• That’s an interesting thought… I’ll have to ponder it… Do you mean other individuals or society as a whole? We choose our own destinies, though I fully agree it’s difficult to escape outside influences entirely.

      • We can choose our own destinies but our society and culture has created expectations surrounding what those destinies are “supposed” to be. It is very difficult to make it in anything viewed as non traditional. And if somebody’s “why” is nontraditional, there are all sorts of pressures from both society and individuals to conform. I’ve spent the last 25 years in a profession that wasn’t my why. It is only when I retire in another 1 1/2 years when I will be able to live my why and it will primarily be because I won’t have to worry about supporting a family and earning enough to do that.

      • Ahh, I see. Hmm… Lots of thoughts swirling. I can certainly understand societal pressure and nontraditional norms. Some of my own angst has to do with the fact that most women are married and have three children by the time they reach my age. Finding my own “destiny” has been challenging — e.g. what DO I want to do with my life? (Something that comforts me, though, is knowing that if my life had turned out like I thought it would, I’d probably be writing about diapers and spit-up instead of values and meaning right now.) I hope you find your “why” and peace upon retirement. You deserve it.

  1. This is going to seem like rambling and I am not telling you to meditate but it has a point.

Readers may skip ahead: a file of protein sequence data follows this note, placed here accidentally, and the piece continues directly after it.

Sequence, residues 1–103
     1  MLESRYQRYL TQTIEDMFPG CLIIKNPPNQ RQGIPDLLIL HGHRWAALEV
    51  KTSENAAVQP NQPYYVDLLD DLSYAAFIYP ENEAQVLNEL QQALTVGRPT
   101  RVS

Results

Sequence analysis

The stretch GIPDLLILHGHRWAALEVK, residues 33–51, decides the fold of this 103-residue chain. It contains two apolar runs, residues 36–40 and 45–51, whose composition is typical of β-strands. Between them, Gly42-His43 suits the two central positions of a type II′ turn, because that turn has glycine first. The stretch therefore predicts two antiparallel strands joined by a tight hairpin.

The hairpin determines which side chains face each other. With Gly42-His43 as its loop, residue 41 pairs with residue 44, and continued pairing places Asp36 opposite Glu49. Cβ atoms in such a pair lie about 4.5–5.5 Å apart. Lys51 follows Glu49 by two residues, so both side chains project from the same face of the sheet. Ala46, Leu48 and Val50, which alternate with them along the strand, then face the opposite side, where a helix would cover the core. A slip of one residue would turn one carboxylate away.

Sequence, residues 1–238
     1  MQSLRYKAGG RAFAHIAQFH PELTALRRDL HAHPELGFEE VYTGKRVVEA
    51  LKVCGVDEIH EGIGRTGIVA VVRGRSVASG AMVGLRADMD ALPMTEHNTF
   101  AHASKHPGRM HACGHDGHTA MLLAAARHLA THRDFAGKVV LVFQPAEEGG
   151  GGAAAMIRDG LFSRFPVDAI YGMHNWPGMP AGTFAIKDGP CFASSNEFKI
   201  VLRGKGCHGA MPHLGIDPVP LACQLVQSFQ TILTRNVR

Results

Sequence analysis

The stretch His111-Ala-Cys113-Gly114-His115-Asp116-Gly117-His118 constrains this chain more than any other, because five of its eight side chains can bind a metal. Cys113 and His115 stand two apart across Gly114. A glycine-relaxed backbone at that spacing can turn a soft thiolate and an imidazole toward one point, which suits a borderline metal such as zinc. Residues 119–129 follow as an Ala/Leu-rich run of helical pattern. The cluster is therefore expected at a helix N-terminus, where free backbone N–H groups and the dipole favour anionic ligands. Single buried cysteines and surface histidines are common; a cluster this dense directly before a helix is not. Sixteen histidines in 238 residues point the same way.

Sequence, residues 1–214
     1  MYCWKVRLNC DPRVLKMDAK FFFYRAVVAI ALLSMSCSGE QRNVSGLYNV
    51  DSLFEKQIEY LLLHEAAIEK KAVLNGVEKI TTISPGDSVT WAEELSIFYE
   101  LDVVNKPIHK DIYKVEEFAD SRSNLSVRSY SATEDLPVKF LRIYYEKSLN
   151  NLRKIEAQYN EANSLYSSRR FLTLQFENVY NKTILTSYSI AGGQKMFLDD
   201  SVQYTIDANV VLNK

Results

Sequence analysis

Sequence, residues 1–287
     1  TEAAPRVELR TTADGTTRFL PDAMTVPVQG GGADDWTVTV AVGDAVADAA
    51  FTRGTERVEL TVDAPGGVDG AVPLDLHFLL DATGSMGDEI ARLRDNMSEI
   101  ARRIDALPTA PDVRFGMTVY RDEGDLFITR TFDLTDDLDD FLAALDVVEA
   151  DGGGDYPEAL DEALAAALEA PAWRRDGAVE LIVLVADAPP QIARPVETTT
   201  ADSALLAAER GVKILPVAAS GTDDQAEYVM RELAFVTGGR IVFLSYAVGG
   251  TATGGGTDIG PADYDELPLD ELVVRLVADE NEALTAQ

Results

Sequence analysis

We are bombarded by outside influences and even small things add up. Like what? As we walk, we get an urge. Someone could have sent us a message on our phones. We stop walking or doing a task and check our phones. This shows how untrained our minds are. We are giving in to a small impulse.

    Meditation is about sitting, getting impulses and thoughts, and not reacting. Because a person who has control can reason not to react. When you are able to not respond to everything that is bouncing through your mind, you can then work on seeing things for what they are. You see two issues. One is extra clothes in your closet that you never wear and the other is an athlete not standing for the Pledge of the Allegiance. On paper, you can see one is not worth your time. No matter how much you argue with your friends or post about it on Facebook, it has no impact on the player. You do not know this person nor do you interact with him. This is a distraction. The other task has benefit to you and someone else. This is what you should focus on. And the obvious, it is hard to do. Our emotions force us into reacting to things that are pointless. And some prey upon this very feature.

    As long as you are doing what you do and what improvement then you are going in the right direction. It is a never ending battle.

    And Happy Easter!

  2. In the West, we’ve created a life of chasing the material and a paycheck to pay someone else to live. And then there isn’t much time left to “live.” And people have forgotten what it means to “live.” We really need to restructure this. It’s much easier to live in the present moment without the outside pressures and without the ones we create for ourselves inside :-)

  3. “Walking my why” ~ I like this thought, and with spring here and the Easter holiday, it makes for a perfect time for me to continue the push to be the best person possible. Not a better feeling. Finding and following the flow of life around us, taking part in the responsibilities we see is what makes this life so special. Wishing you a wonderful spring.

    • I’m so glad you feel that way, Randall. I do, too. It’s a marvelous thing to be alive! I hope you a wonderful spring, too. So good seeing and hearing from you!